Sunday, August 22, 2010

Mad Men, Season 4, Episode 5: "The Chrysanthemum and the Sword"

This week's episode was particularly phenomenal, packed full of great scenes from end to end like a string of pearls, each as wonderful as the last. I loved it so much I had to write a note about it.
- The trickery with the Honda bid displayed shades of last season's finale, both in style and in concept – it's another caper pulled off by team Draper (rather than stealing, they are deceiving. Kind of like INCEPTION - Don plants ideas Ted Shaw's head). Great musical accompaniment to the scenes of Don and co. pulling off their misdirection: Don knocking on Joan's door with the motorcycle, Peggy making sure the competition sees them sneaking the bike into the studio – I love Love LOVE the shot of Peggy just riding around in circles on the empty set. There 's also a great cut from a close-up of the commercial director saying he'd love to do Don's commercial but that right now he's too busy, to another close-up of him saying to the competitors that he'd much rather shoot their Honda commercial. The episode also deftly established Ted Shaw as a rival who is "drafting" off of Don; this is the first time we've seen him, but in a few easy steps he becomes so unlikeable that I wanted Don to squash him like the fly Don describes him as (Ted became very easy to dislike the moment we realized he was preying on one of the only sympathetic qualities still remaining to Don at the this point: his genius).

- Roger's reaction to the Honda bid brings out an ugliness that we don't too often see, although there was a hint of it in the first season when he compared war experiences with Don. The scene where he interrupts the Honda meeting has the liveliness of a downed power line thrashing on the ground (or perhaps a better metaphor would be to say it was like watching a car accident), and the scene that follows it is even more explosive, when Roger almost attacks Pete after being chastised by him and Don. And as usual, Roger still has all the sharp (albeit racist) barbs. Don: "You do not get to kill this account." Roger: "Maybe I won't have to. If we're lucky they'll do it themselves." This story is also given a nice resolution (for now) through Joan's sympathy for Roger in her scene with him in the end.

- After spending most of this short season being loathsome, Don actually resembles a sympathetic character this episode. The only time he approaches being shitty to someone is when he's upset by the news about Sally's hair, and here he has a reason to be upset and is measured in his response.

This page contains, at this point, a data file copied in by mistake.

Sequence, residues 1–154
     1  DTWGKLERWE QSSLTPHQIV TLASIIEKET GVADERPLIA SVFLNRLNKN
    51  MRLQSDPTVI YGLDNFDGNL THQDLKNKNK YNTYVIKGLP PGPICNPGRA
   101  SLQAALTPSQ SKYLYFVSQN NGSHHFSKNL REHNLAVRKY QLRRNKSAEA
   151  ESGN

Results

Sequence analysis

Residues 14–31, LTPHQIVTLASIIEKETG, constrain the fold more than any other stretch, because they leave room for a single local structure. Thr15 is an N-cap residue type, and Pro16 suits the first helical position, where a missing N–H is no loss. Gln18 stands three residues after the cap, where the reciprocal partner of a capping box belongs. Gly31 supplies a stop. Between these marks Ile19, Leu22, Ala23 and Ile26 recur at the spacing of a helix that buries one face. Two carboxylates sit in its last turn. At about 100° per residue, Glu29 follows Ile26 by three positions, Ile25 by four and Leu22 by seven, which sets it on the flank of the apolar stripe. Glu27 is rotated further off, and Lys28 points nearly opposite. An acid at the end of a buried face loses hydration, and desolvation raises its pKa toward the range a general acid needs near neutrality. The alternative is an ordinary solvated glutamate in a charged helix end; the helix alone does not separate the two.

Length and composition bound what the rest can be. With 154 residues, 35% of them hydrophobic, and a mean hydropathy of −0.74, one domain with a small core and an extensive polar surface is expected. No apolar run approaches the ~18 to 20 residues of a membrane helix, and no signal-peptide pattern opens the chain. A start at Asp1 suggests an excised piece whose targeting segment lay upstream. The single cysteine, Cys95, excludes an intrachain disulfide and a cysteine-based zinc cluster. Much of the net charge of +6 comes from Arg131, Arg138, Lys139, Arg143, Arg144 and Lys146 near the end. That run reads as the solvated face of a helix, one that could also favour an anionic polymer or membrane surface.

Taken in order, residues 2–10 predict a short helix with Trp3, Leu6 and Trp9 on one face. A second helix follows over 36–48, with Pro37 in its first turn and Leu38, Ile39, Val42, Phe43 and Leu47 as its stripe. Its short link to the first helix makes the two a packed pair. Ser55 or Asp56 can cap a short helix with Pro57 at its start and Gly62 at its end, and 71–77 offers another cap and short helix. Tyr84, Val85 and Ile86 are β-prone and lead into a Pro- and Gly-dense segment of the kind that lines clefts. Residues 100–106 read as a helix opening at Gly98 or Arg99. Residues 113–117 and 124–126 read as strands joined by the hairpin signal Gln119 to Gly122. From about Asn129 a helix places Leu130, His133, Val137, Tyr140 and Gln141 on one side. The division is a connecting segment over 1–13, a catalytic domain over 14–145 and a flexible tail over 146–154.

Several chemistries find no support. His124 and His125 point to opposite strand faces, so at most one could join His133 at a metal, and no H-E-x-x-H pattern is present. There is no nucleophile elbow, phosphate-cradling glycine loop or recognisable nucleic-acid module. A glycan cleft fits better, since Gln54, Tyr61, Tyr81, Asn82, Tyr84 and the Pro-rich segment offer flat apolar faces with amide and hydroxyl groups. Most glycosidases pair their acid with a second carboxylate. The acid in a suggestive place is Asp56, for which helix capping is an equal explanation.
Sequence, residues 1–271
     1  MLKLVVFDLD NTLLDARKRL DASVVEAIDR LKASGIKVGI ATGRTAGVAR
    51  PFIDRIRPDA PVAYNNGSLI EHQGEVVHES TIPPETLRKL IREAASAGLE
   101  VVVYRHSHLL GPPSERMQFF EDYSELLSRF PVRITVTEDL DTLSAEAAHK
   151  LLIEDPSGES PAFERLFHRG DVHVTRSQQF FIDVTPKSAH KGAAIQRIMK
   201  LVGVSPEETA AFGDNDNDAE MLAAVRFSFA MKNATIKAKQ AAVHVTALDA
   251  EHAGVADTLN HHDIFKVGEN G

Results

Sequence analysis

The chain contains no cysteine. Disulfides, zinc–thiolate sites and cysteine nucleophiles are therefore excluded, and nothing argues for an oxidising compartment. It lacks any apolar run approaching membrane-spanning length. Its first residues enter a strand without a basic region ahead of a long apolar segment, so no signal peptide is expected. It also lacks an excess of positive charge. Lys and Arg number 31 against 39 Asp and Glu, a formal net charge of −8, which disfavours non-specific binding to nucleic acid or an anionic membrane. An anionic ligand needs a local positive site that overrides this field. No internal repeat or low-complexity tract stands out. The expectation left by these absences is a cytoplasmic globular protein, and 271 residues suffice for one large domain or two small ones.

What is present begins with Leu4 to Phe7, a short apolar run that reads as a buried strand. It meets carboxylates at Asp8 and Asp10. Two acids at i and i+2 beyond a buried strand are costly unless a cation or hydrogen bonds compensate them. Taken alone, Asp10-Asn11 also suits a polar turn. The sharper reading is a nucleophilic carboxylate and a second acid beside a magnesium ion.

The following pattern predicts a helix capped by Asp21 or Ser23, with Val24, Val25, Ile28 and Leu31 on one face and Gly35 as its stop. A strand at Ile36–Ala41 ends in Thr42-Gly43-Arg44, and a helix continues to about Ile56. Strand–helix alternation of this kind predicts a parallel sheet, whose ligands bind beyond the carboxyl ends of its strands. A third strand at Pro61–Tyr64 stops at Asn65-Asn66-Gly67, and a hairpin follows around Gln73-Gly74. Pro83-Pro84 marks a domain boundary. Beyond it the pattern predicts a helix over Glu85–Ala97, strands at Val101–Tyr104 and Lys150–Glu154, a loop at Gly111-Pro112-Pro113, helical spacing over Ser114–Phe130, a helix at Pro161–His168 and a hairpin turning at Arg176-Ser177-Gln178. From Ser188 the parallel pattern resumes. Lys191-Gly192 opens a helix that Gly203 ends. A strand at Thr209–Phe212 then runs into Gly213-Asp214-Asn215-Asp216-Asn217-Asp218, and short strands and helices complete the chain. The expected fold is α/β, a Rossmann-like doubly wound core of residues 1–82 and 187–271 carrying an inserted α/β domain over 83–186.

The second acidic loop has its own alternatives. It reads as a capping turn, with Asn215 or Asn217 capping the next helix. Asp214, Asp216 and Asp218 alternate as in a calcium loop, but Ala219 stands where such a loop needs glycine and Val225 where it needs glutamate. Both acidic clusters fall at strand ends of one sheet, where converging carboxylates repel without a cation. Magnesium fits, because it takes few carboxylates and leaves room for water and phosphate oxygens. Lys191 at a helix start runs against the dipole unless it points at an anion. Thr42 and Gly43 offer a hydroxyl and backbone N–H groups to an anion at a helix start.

- On the other hand, my antipathy toward Betty reached new lows in this episode. Has she bottomed out yet? She can't get much more awful than she is here without her character becoming a problem for the show, a black hole of shrewish negativity and terrible parenting. However, we're offered a glimmer of hope as well – she realizes that she shouldn't have slapped Sally,and thankfully starts listening to Henry's advice on how to best deal with her (although it seems that both Henry and Don still accede to Betty in all parenting matters - a relic of past parenting practices, perhaps?). Furthermore, Betty slips right into receiving treatment herself from the child psychiatrist without really even realizing what is happening, and then seems to agree to see a her regularly (at least, that was my understanding of the psychiatrist wanting to meet with Betty once a month in addition to seeing Sally). This is an absolutely perfect development, since the psychiatrist Betty sees in season one diagnosed her as having psychological makeup of a child, which was more or less confirmed through the age-inappropriate relationship she formed with creepy-neighbor-kid Glen. So, I have hope that this will make Betty a better, or at least more sympathetic, character.

- The psychiatrist represents hope for Sally as well, an outlet for her to vent her understandably large frustration over her monster mom and her relatively absent dad, which might prevent her from turning into a terribly messed up person. So perhaps some good will come of Betty and the sleepover mom's stiflingly repressive (although era-appropriate) attitudes toward sex (although Sally would be better served by showing a little more discretion).

- As for Henry, he's clearly a much better parent that Betty (not hard to do, really - my dead dog is a better parent), and if he's going to be a part of the Draper family, it's nice to see him try to insert himself a little more into the Draper household as a parent figure for Sally.

So many beats to hit, and the episode nails them all!

Other random, wonderful things about this episode:
- On top of all of the above developments, the episode was able to work the hilarity of Mrs.Blankenship's incompetence into the margins.
- Sally: "I know that the man pees inside of the woman." Kiernan Shipka is a revelation.
- Pete trying to dispose of all the chrysanthemums."Apparently they symbolize death. So much conflicting information."
- Loved the music during Don's tour of SCDP for the Honda representatives. Joan gets a great character beat at its conclusion, when she immediately and irritatedly picks up on their comments on her figure. Joan: "Not very subtle, are they?" Translator: "No, they are not."
- Also nice was the scene between Don and market researcher – Don seems to be getting her to lower her guard a bit. As my roommate noted, stay tuned for another chapter in the book, "Don goes after another icy blonde but should really be looking for an emotionally adjusted brunette."
- I admit I chuckled at Pryce's joke about Honda demanding to know when they get the other 50% of the American market.
- Once again, Pete demonstrates a better understanding of the next generation than anyone else in the office: Bert asks why blacks aren't already happy, and Pete responds: "Because Lassie can stay at the Waldorf and they can't."